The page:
Even if you don’t think that your chickens got into any actual chocolate, be aware that there are other products that may contain cocoa or chocolate. For example, baked goods and breads.
The ingestion of chocolate should be considered a medical emergency for your birds.
If you suspect that your chicken has consumed chocolate or cocoa, contact a veterinarian at once for advice on how to provide treatment.
How Much Chocolate is Lethal for Chickens?
It is difficult to give any kind of reliable baseline for the lethality of chocolate.
Differences in breed genetics and widely varying levels of the dangerous substances (caffeine and theobromine) in chocolate brands or other cocoa-containing goods confuse the issue.
In fact, to this day you’ll find some misguided owners who claim to give their birds chocolate periodically with no ill-effects.
However, it must be restated that, despite different breeds and individual chickens showing different sensitivities to caffeine and theobromine, you must ensure your flock is never, ever fed chocolate or cocoa.
Between the two substances, the one we are most worried about in chocolate is theobromine. Theobromine is far more likely to gravely injure a chicken or kill it outright.
The amount of theobromine that is considered lethal varies depending on which source you consult, but it is generally agreed upon that any product with a cacao content of 30% or higher is extremely dangerous.
Considering this information, dark chocolate or higher-grade cocoa contains a much higher concentration and is significantly more likely to cause serious harm.
No chocolate is good or even okay for your flock, but dark or very dark chocolates will kill your birds with a much smaller dose compared to milk chocolate. Dark chocolates might contain upwards of 50%, 60% or even 80% plus cocoa.
If any chicken were to ingest even a small amount of such chocolate it would probably be lights out for the poor thing!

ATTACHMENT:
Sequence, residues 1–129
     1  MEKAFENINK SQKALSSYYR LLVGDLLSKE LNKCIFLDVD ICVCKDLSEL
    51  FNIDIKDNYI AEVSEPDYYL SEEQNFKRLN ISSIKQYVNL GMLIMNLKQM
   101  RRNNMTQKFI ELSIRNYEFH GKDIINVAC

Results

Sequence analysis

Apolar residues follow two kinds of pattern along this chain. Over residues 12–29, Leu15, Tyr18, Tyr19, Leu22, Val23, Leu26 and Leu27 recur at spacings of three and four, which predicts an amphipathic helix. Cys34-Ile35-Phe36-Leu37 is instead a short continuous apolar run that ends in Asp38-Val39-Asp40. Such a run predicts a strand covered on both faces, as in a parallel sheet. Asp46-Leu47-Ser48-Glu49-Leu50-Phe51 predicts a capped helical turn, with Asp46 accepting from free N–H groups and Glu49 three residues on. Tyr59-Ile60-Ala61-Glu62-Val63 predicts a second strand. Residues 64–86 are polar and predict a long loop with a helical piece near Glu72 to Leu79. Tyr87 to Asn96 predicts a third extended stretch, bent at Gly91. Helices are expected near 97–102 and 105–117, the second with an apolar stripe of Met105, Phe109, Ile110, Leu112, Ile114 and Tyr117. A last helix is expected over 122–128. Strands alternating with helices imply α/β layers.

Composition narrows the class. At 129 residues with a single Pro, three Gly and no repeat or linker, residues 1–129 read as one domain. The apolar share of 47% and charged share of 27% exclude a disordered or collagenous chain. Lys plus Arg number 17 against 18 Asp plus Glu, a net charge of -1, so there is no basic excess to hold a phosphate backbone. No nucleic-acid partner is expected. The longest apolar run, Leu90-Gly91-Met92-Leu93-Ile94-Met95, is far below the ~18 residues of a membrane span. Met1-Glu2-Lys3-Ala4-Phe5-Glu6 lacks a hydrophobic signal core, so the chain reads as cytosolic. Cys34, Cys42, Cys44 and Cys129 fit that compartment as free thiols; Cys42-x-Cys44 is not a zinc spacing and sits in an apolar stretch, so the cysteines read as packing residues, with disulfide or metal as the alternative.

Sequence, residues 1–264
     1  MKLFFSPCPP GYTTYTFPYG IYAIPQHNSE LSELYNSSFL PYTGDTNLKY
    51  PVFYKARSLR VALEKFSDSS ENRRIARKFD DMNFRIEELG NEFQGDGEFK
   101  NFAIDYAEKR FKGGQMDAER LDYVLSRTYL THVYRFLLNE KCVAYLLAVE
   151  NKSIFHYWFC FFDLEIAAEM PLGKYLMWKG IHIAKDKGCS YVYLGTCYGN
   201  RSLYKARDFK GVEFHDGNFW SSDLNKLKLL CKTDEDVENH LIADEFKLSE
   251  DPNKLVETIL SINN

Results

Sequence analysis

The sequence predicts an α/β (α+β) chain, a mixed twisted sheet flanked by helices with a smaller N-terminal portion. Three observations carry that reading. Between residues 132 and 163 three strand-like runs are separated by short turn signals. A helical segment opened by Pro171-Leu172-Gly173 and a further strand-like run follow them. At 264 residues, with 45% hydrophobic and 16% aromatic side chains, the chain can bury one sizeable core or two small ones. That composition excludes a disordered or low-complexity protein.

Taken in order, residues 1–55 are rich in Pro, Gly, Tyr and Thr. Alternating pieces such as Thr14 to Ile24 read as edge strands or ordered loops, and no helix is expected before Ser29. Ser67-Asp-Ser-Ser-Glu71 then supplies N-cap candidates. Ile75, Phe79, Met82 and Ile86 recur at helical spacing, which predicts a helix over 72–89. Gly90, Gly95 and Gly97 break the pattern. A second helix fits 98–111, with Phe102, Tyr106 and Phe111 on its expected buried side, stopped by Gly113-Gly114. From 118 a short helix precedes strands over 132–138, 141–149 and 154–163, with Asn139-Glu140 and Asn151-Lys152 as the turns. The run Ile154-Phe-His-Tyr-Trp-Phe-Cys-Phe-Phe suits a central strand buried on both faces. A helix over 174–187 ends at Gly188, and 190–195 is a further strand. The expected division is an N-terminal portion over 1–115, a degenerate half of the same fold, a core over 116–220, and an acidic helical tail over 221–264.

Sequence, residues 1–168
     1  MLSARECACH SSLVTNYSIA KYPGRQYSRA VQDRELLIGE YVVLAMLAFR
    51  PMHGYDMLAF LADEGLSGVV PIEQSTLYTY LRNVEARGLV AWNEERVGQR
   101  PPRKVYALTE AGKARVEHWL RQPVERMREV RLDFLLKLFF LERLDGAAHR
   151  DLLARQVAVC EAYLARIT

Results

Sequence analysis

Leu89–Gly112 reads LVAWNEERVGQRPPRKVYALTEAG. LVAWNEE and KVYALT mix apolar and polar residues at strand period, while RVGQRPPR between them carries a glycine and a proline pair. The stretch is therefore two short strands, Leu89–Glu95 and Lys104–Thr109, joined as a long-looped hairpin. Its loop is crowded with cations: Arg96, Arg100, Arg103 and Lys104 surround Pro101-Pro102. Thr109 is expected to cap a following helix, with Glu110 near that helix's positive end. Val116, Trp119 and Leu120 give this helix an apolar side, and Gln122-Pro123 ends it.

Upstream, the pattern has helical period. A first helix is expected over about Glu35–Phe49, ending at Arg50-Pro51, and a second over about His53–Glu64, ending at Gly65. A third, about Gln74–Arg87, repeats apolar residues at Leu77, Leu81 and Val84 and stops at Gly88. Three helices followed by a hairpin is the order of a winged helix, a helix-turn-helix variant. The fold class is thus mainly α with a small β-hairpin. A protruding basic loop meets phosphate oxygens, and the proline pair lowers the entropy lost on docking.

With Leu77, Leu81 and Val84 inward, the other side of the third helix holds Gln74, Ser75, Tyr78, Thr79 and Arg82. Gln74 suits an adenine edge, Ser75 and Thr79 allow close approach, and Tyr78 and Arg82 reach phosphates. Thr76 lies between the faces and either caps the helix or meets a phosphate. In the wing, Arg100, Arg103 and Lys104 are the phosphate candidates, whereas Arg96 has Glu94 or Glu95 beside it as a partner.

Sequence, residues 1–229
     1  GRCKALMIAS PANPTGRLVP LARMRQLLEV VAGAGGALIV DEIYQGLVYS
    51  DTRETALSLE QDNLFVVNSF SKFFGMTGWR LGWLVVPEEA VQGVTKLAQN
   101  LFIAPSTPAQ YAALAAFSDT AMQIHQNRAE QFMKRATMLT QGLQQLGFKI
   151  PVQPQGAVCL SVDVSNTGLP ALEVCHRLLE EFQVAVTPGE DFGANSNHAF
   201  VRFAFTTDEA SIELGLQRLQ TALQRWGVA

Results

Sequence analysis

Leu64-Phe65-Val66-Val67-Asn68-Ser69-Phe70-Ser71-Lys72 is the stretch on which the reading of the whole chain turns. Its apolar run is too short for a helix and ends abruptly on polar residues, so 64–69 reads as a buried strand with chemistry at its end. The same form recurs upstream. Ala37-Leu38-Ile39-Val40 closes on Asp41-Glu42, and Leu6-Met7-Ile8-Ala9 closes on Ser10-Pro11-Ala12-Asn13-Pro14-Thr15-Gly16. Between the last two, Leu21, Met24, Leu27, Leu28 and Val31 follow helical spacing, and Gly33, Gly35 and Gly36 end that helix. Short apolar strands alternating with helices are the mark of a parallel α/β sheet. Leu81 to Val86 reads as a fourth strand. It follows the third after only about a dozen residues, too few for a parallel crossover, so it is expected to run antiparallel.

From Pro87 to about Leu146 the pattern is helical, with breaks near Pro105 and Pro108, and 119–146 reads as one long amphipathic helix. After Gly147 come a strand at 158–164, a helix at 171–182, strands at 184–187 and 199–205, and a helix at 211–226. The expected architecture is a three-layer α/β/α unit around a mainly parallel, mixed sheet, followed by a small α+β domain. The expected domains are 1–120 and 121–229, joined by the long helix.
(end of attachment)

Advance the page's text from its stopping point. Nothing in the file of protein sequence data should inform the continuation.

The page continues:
What Should You Do if Your Chickens are Fed Chocolate?
If you know that any of your chickens have been fed chocolate, or suspect they have gotten into chocolate or any product containing cocoa, call your vet at once and follow their advice.
Based on their recommendation, if you don’t need to rush the chicken in immediately you’ll need to observe for symptoms for at least a full 24 hours, and probably longer.
As detailed above, keep an eye out for any changes in behavior, seizure, signs of distress or lack of responsiveness that could indicate the theobromine affecting your bird. If you notice any such symptoms, take your bird to the vet right away.
In the meantime, keep plenty of easily accessible, clean, fresh water available for the affected bird to drink. Let them drink as much as they want, but don’t try to force them.
Aside from observation and being ready to respond by taking the affected chicken to the vet, there isn’t really anything else you can do for them.
You should never try to get the chicken to regurgitate by any means or dose them with anything that could act as an antidote to the toxin.
Regardless of whether or not your chicken displays any serious symptoms from ingesting chocolate, long term health effects will probably be present.
Tom has lived and worked on farms and homesteads from the Carolinas to Kentucky and beyond. He is passionate about helping people prepare for tough times by embracing lifestyles of self-sufficiency.